CPO 253 Process Troubleshooting


Campus Location:
Stanton
Effective Date:
2019-51
Prerequisite:
CPO 151, ELC 101
Co-Requisites:

None

Course Credits and Hours:
4.00 credits
3.00 lecture hours/week
2.00 lab hours/week
Course Description:

This course provides an overview of different troubleshooting techniques, procedures, and methods used to solve chemical process problems. Topics include application of data collection and analysis, cause/effect relationships, and reasoning. Laboratory instruction involves troubleshooting problems initiated by the instructor in operating pilot plants and computer simulators.

Required Text(s):

Obtain current textbook information by viewing the campus bookstore online or visit a campus bookstore. Check your course schedule for the course number and section.

Additional Materials:

None

Schedule Type:
Classroom Course
Disclaimer:

None

Core Course Performance Objectives (CCPOs):
  1. Apply knowledge of process variables, indicators and controllers, troubleshooting tools, and steps to solve problems in simple chemical process systems. (CCC 1, 2, 5, 6; PGC 3, 4)
  2. Solve problems in a decanter process by applying troubleshooting steps and tools. (CCC 2, 5, 6; PGC 3, 4)
  3. Apply troubleshooting steps and tools to solve problems in a reaction process. (CCC 2, 5, 6; PGC 3, 4)
  4. Solve problems in a steam generation process by applying troubleshooting steps and tools. (CCC 2 5, 6; PGC 3, 4)
  5. Apply troubleshooting steps and tools to solve problems in a distillation process. (CCC 2, 5, 6; PGC 3, 4)
  6. Solve problems in an absorption and stripping process by applying troubleshooting steps and tools. (CCC 2, 5, 6; PGC 3, 4)
  7. In a pilot plant and/or using a computer simulation, start up, operate, troubleshoot, and shut down absorption, distillation, and pH control units. (CCC 1, 2, 6; PGC 1, 3, 4, 6, 7)

See Core Curriculum Competencies and Program Graduate Competencies at the end of the syllabus. CCPOs are linked to every competency they develop.

Measurable Performance Objectives (MPOs):

Upon completion of this course, the student will:

  1. Apply knowledge of process variables, indicators and controllers, troubleshooting tools, and steps to solve problems in simple chemical process systems.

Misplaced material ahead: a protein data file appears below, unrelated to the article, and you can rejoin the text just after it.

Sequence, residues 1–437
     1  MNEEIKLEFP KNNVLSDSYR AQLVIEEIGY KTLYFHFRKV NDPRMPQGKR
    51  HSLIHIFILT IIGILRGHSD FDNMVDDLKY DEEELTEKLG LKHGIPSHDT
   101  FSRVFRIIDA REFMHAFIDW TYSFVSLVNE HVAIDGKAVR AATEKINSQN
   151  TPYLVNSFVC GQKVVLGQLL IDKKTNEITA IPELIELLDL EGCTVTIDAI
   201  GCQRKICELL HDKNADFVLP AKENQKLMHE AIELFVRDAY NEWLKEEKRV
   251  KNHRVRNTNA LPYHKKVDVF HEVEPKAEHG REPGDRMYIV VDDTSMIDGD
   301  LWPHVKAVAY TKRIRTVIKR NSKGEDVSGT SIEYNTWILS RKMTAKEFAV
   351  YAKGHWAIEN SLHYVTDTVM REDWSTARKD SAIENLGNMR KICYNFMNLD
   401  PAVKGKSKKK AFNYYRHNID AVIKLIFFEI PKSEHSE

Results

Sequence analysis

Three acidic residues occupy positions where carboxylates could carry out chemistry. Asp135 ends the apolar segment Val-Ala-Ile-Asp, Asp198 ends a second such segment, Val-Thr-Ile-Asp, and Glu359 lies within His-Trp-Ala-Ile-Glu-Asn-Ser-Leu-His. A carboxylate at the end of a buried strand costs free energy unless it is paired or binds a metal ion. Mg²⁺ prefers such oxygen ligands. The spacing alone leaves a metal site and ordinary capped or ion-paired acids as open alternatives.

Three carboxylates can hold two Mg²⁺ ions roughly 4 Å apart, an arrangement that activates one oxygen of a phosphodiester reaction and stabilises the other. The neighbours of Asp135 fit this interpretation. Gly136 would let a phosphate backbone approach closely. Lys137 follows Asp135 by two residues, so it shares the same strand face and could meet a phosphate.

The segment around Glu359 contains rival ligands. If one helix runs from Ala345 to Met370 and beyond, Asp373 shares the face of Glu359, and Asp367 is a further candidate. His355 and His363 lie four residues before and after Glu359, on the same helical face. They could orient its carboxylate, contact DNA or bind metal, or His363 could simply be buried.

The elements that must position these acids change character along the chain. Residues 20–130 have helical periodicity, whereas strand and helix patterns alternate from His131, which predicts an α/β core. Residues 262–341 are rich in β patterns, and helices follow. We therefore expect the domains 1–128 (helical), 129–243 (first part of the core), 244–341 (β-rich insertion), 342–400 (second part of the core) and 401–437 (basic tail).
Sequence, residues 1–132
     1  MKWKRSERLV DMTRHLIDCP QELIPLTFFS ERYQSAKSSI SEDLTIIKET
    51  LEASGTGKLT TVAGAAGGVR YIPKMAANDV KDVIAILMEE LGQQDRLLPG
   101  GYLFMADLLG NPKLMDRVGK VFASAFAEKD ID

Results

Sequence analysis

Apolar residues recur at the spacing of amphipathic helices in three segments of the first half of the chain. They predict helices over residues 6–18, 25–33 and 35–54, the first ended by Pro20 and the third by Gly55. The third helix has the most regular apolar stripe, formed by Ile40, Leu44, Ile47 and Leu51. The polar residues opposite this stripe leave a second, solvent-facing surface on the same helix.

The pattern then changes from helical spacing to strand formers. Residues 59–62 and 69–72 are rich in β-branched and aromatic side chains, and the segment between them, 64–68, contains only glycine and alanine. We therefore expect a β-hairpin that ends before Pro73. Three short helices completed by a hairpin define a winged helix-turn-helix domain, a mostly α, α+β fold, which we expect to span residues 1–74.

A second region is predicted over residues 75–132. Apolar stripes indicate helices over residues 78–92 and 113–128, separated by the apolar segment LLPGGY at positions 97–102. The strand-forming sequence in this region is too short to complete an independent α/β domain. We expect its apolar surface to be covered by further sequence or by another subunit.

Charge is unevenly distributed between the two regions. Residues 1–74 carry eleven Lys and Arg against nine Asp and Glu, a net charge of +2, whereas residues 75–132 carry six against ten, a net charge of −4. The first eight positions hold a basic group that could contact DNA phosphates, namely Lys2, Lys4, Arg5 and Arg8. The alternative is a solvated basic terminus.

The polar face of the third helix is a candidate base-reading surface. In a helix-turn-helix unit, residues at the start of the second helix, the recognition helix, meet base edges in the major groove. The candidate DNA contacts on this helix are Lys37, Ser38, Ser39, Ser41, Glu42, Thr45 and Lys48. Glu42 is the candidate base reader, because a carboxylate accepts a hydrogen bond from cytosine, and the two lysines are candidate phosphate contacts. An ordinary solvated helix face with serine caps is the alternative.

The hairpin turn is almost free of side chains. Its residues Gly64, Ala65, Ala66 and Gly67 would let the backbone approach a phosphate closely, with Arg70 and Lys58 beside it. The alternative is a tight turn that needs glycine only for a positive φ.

1. Identify the five major variables in a simple process.
    2. Name the metric base units and International System of Units (SI) units for mass, length, volume, time and temperature, and their abbreviations.
    3. Convert physical quantities from one unit to another using conversion factors.
    4. Discuss the role of indicators and controllers in troubleshooting a chemical process problem.
    5. Describe each of the seven troubleshooting tools.
    6. Relate each troubleshooting tool to the five major process variables.
    7. List and explain the six steps in the troubleshooting method.
    8. Identify relevant process data, and verify the data using the troubleshooting tools.
    9. Use multiple data points and the troubleshooting tools to arrive at valid conclusion regarding the cause or causes of the process problem.
    10. Use the factor-label method in problem analysis and estimation techniques in solving problems.
  2. Solve problems in a decanter process by applying troubleshooting steps and tools.
    1. Define decanter process.
    2. List and explain the three factors that affect the decanter process.
    3. Given one factor that affects the decanter process, discuss the possibility of interrelationship between it and other factors.
    4. Describe the decanter process control theory.
    5. List the equipment associated with the decanter process system.
    6. Identify the control instrumentation for the decanter process.
    7. Explain the normal decanter process variables.
    8. Given a change in decanter factors, describe possible process outcomes.
    9. Apply the troubleshooting steps and tools to abnormal conditions in a decanter process.
  3. Apply troubleshooting steps and tools to solve problems in a reaction process.
    1. Define reaction process.
    2. Describe an effective reaction vessel.
    3. List and explain the seven factors that affect a chemical reaction.
    4. Given one factor that affects a reaction, discuss the possibility of interrelationship between it and other factors.
    5. Describe the reaction process control theory.
    6. List the equipment associated with a typical batch reaction process.
    7. Identify the control instrumentation for a typical batch reaction process.
    8. Explain normal reaction process variables.
    9. Given a change in reaction factors, describe possible process outcomes.
    10. Apply the troubleshooting steps and tools to abnormal conditions in a reaction. 
  4. Solve problems in a steam generation process by applying troubleshooting steps and tools.
    1. Define steam generation process.
    2. List and explain the five factors that affect steam generation.
    3. Given one factor that affects steam generation, discuss the possibility of interrelationship between it and other variables.
    4. Describe the steam generation control theory.
    5. List equipment associated with a steam generation system.
    6. Identify the control instrumentation for a steam generation process.